SOUTHFIELD, MICH. — Lear Corp. executives found Formula One Grand Prix racing to be the most primitive of sports.
Never mind the complicated road wars, the drivers scuffling on the streets of Sydney or Barcelona at breakneck speeds.
That was not what amazed Lear — one of the world's leading suppliers of interior automotive systems — when the company decided to take a spin for the first time with Formula One racing last fall. Instead, the Lear engineering team found out a grim fact about the world of seat design, race-car style: It is as crude as a can of motor oil.
In a sport ``with high-speed accidents and a driver in one position for hours, you'd expect the seats to be designed for safety and comfort,'' said James Masters, Lear vice president for advanced technology. ``Instead, we found the opposite was true. The seats were basically made from a plastic bag with duct tape covering a bit of foam.''
The company wants to up the ante in a sport where seats have been overlooked too long, Masters said in an interview at Lear's Southfield headquarters. Lear signed a three-year agreement in December with London-based Stewart Grand Prix, led by famed former driver Jackie Stewart, to design technologically advanced seating and occupant protection systems.
Using sophisticated computer modeling and laser scanning techniques, the company is building plastic seats for Stewart team drivers Rubens Barrichello and Jan Magnussen. The seats, made of carbon fiber and Kevlar materials, were launched in early March during the Australian Grand Prix.
The work, mainly conducted at Lear's Southfield testing and prototyping area, is focused on providing the right design for impact protection and comfort. Each seat is modeled on the singular dimensions of each driver's body, buttressed by results of head-impact testing.
The work is light-years ahead of designs for most Grand Prix seats, said John Slaven, Lear's manager for motor sports materials. Slaven, who has traveled with the Grand Prix drivers on various European circuit stops, said most seats do not take into account human factors.
``We take an environmental material solution where the seat is in tune with the driver's shape,'' Slaven said. ``It's taken a lot of work just to get the [racing] industry to the same point we are with cars.''
Lear believes it can translate its race design breakthroughs to its car and truck seats, where the megasupplier holds a commanding position. Before it can do that, the company would like to use laser devices to scan a race driver's body. Those anthropometric, or body, details would be stored in a computer-aided software package.
From there, an actual seat could be made without the need for a clay-and-epoxy model, which is used now as the first step to race-car seat design.
For its bread-and-butter business of vehicle seating, the auto supplier plans to use the same laser scanning techniques. But instead of scanning in the dimensions of a race driver, it would use the body shape of the typical driver likely to be behind the wheel of a certain vehicle, Masters said.
So, if the average driver for a minivan is a soccer mom with certain body dimensions, those dimensions would be used to design a seat, Masters said. A burlier body would be scanned for a pickup truck, while a college-age person with a slighter build could be scanned for an entry-level car.
``It's a trickier business to generalize the population by certain vehicles,'' Masters said. ``But certain body characteristics can be defined according to market niche. It could even allow the creation of a certain vehicle with different seat shapes depending on the driver.''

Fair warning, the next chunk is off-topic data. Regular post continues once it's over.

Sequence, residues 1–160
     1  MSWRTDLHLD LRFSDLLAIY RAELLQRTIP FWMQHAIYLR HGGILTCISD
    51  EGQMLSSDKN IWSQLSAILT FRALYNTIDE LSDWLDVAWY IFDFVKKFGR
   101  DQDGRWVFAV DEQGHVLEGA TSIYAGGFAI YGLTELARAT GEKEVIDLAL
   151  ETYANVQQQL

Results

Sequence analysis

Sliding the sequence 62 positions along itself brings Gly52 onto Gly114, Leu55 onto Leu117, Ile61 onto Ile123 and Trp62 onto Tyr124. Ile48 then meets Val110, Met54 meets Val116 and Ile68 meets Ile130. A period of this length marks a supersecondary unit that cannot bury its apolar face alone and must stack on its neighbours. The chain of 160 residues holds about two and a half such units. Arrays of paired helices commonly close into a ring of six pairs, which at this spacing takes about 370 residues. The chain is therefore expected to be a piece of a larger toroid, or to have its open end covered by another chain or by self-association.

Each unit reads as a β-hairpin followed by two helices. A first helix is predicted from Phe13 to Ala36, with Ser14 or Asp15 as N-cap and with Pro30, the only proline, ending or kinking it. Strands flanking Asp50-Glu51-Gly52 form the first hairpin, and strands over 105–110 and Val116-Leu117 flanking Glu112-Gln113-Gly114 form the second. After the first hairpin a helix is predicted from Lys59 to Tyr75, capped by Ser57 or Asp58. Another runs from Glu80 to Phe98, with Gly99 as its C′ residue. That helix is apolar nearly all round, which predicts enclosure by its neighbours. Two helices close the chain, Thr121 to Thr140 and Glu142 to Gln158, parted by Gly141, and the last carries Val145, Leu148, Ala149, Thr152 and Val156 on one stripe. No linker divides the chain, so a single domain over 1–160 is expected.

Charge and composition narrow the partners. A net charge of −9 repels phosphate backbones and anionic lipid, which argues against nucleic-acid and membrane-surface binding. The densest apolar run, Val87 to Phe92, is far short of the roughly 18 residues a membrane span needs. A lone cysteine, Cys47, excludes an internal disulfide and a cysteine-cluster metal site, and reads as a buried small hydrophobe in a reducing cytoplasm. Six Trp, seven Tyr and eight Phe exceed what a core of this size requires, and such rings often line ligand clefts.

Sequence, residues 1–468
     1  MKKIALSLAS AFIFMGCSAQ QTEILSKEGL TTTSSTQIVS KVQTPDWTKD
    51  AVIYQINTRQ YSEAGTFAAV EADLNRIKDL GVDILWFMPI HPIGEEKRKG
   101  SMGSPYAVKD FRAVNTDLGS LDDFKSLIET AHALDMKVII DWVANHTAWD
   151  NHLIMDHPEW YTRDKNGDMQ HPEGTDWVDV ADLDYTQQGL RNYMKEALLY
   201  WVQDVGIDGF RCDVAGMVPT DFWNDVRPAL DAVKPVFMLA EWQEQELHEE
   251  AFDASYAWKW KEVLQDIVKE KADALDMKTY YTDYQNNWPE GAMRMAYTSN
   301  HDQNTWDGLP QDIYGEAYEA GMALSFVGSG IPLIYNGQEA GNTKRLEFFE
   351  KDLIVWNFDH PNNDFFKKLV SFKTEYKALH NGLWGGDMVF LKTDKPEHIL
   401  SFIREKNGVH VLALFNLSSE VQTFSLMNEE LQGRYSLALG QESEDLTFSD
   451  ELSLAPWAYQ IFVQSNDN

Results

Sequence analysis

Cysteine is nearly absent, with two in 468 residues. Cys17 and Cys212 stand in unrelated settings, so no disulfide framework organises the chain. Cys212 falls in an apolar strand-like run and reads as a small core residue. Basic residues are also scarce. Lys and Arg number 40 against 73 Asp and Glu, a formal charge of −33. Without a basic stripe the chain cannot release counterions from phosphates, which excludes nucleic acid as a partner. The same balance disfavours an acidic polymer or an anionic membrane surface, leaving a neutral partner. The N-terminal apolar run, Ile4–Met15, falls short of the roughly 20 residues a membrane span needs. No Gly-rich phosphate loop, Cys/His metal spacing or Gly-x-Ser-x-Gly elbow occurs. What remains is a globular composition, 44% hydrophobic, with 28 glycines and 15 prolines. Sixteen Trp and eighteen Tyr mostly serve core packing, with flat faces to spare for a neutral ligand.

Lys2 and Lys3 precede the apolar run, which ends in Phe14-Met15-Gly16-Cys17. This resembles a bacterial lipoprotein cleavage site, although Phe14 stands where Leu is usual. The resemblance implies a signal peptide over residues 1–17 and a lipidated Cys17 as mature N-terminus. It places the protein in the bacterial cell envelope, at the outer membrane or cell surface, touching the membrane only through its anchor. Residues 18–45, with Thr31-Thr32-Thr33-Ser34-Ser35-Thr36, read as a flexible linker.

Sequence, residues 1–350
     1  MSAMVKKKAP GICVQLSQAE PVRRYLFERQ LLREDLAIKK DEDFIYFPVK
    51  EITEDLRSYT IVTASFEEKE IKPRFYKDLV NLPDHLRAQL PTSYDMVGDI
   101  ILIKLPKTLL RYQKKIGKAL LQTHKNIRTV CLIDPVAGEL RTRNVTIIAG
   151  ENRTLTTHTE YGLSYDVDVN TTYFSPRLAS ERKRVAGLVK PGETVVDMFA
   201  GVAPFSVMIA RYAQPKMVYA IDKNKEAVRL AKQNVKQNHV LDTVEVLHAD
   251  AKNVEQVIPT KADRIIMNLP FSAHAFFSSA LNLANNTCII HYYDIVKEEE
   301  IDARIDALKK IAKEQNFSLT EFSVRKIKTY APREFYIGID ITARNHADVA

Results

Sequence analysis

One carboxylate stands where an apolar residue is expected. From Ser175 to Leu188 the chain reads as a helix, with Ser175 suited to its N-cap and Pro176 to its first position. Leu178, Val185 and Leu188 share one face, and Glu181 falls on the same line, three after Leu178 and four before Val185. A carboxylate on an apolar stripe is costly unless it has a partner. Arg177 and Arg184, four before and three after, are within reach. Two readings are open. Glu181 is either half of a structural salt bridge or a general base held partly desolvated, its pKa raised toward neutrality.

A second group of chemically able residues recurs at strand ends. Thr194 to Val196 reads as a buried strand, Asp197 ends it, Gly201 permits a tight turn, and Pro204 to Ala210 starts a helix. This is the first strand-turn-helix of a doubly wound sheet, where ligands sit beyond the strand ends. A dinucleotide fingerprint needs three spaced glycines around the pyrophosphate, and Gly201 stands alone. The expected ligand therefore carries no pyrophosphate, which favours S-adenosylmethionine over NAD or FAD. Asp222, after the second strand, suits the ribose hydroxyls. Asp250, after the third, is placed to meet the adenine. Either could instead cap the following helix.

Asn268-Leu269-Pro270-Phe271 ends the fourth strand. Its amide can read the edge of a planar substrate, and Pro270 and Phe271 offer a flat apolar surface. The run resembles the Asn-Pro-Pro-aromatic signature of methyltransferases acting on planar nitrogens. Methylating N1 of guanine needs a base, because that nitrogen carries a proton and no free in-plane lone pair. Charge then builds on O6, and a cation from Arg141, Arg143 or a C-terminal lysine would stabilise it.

For instance, a midsize sedan could be built with several seating choices, depending on the build of the person buying the car, he said.
That technology is not far off. Lear is working with Montreal-based Genicom Consultants on software that can record data from body scans. Genicom, under its Safework Co. subsidiary, plans to release new commercial software that does just that.
The software, called Virtual Man, can conjure a person's body, including a face, on a computer screen from a laser scan, said Genicom Vice President Richard Carrier.
``It has a lot of possibilities,'' Carrier said. ``For racing, a seat can be made that allows a driver to exert the maximum force on brake pads or see far outside the window for a perfect view. That type of human-factors analysis also opens many doors for the medical products market, the fashion design market and others.''
Currently, the software used by Lear stores data from a scanned-in prototype model. The models were form-fitted to each race driver's body, Slaven said. Lear then fills in gaps with the ideal energy-absorbing material surrounding the model for utmost protection, he said.
That operation, borrowing from scientific impact and ergonomic data, differs from the traditional approach to Grand Prix racing, Slaven said. In that scenario, a driver sits on a plastic bag for a few minutes while black duct tape is wrapped over the surface to solidify the fit. Foam generally is placed at random in open areas, he said.
Suppliers like Lear's Technology Division want to change that as a test bed to study how vehicles can be improved.
``We're not in this because we thought it would be fun to get involved with racing,'' Masters said. ``It has an impact on our core business.''
The strongest testimony has been from the drivers themselves. Slaven, who will witness the seat's first Grand Prix race in March, said the product was tested on oval tracks this winter in Europe.
When driver Barrichello emerged from the vehicle after several hours of work, his first words to the Lear team were: ``I can breathe.''
``He couldn't even do that well with the old seat setup,'' Slaven said. ``That's the best evidence we have that what we're doing is working.''